Iran Threatens UAE on Persian Gulf Islands
Iran is againi threatening the United Arab Emirates over claims on three islands in the Persian Gulf.
Iranian Foreign Ministry spokesman Ramin Mehmanparast issued a statement Tuesday warning that “repetition of baseless claims on three Iranian islands will leave negative impacts on relations” between Iran and the UAE.
Labeling UAE claims to the islands to be “illogical” and “unfounded,” Iran said it had raised the issue at “regular meetings of the Persian Gulf Cooperation Council and the League of Arab States.”
UAE officials allegedly raised the matter with U.S. Secretary of State Hillary Clinton, according to the official Islamic Republic News Agency (IRNA).
"Any country country seeking to spread discord instead of bolstering common grounds should expect it negative impacts on its relations with Iran,” warned Mehmanparast in his statement.
"If baseless claims against Iran continue to put Iranian national interests at risk, relations will be lowered or even severed,” he added.
"All countries in the region and the entire world are quite aware that these three islands belong to Iran and the UAE itself know (sic) that they are integral parts of Iranian territory and the issue has been cited in educational and historical books of Iran and that of the Persian Gulf littoral states,” commented IRNA.
"If they seek to pursue an illogical approach about the misunderstanding, they should know that Iran never compromises with anyone who seek (sic) to violate Iranian territorial integrity,” said Mehmanparast.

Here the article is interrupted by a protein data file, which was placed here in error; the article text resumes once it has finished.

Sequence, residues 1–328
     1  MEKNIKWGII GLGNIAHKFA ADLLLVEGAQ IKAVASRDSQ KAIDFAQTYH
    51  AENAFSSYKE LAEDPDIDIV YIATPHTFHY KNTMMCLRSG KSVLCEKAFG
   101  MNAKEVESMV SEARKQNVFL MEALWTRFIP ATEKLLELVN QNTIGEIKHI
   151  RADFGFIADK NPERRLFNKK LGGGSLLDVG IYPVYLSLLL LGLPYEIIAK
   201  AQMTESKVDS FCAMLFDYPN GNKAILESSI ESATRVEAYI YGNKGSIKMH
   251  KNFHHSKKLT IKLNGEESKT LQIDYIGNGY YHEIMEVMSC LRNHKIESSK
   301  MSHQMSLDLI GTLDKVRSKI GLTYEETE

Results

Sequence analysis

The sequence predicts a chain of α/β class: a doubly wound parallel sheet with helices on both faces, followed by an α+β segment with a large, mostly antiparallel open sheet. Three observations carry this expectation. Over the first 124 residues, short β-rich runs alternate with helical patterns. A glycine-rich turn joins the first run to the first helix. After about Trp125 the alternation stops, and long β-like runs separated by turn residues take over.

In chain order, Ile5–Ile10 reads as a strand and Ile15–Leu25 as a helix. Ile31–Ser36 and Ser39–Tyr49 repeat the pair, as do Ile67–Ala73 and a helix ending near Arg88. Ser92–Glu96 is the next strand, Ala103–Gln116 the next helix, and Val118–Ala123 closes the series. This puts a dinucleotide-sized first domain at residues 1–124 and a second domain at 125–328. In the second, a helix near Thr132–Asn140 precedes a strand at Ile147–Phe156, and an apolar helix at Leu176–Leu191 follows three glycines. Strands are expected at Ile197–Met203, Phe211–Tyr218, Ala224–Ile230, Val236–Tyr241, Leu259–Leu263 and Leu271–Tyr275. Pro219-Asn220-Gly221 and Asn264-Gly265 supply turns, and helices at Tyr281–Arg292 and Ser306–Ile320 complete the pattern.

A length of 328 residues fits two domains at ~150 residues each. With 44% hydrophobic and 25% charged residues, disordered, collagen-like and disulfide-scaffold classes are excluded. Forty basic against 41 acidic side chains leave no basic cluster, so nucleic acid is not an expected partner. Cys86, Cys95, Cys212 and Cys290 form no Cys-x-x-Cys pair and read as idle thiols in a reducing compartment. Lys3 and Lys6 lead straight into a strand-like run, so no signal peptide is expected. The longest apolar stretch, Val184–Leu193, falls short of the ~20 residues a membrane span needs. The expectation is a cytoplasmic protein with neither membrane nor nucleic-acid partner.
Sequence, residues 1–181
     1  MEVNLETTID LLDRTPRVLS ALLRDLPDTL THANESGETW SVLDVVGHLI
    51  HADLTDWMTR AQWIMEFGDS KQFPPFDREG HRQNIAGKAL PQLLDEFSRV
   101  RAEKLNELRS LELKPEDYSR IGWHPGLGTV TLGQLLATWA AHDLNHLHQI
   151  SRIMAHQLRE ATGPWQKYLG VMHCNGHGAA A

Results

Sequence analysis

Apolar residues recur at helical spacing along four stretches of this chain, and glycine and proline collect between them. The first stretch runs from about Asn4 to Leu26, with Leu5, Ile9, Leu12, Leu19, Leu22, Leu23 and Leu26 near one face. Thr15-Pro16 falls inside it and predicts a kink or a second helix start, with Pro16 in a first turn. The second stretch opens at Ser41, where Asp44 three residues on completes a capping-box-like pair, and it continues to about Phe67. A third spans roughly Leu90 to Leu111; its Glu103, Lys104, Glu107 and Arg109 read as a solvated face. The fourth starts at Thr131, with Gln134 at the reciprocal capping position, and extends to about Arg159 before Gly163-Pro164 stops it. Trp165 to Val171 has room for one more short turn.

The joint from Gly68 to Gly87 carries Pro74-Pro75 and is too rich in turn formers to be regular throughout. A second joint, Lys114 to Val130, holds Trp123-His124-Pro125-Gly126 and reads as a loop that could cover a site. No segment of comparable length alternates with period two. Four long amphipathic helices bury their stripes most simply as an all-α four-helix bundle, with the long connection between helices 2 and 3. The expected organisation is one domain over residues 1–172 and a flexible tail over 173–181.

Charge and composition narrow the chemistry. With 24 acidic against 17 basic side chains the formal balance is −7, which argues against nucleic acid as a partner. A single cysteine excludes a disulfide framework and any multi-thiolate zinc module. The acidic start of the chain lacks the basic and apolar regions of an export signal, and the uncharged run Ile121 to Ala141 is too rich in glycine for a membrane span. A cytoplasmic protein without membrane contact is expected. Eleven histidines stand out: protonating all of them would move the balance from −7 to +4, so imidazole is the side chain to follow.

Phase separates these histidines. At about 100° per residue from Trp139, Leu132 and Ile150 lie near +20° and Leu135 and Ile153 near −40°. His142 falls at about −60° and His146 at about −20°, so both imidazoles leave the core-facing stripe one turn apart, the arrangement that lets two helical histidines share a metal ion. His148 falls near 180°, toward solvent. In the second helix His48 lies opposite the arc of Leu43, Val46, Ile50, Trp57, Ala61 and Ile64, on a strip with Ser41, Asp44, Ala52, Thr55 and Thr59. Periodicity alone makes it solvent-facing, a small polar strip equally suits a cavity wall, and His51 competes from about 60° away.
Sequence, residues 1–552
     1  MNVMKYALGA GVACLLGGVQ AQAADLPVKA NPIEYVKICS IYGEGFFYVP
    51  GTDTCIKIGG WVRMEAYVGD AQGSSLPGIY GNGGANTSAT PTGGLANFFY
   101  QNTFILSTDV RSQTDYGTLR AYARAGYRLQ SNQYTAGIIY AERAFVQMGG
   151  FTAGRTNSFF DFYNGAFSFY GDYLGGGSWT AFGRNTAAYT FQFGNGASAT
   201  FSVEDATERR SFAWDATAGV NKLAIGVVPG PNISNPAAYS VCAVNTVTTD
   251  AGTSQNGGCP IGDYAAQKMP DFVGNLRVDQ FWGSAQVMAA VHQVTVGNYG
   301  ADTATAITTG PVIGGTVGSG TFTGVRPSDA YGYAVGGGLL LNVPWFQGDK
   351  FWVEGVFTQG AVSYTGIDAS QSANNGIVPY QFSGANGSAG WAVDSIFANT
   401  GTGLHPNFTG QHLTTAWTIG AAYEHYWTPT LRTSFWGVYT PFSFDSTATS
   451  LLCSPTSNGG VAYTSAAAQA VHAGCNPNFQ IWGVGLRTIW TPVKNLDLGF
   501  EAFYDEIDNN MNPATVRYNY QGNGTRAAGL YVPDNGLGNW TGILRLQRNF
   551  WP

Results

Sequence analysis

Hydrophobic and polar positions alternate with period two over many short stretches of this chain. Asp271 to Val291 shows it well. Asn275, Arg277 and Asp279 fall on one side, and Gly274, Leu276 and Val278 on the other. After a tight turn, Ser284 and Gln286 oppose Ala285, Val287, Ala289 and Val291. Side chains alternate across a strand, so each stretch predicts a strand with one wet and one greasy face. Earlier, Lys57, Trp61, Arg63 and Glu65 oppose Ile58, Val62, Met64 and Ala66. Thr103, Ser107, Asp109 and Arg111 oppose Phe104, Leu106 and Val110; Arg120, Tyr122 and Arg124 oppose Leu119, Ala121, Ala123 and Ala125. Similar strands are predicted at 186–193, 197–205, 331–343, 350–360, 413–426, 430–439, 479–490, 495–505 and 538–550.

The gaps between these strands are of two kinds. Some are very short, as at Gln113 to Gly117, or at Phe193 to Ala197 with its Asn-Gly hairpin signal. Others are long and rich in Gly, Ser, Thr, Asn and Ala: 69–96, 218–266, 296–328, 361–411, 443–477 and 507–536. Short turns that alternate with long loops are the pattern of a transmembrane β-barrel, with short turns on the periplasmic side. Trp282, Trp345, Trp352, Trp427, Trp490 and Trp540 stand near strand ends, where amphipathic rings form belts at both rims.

As is often the case with Middle Eastern Muslim countries, however, the spokesman sought to displace the blame for the dispute with its neighbor on to Western elements.
“Iran deems it necessary to give a proper diplomatic response in line with national interests and thwart enemies' plots to sow discord among regional states,” he said.
Iranian smugglers have helped their fellow citizens -- at least, those who can pay -- to survive the impact of the international sanctions imposed on Tehran. The young skippers have been loading goods at the Omani port of Khasab and sailing them across the Strait of Hormuz in the Persian Gulf at the rate of several cargoes a day.
The small boats are loaded with everything from soft drinks to mobile phones and cosmetics, purchased in the flourishing UAE trading centers and then sold to Iranian merchants. Iran, Oman and the UAE are all geographically close to one another, with historic trade and finance links that bolster a thriving trade relationship which has undermined the impact of the economic sanctions imposed by the United States and its allies -- until now.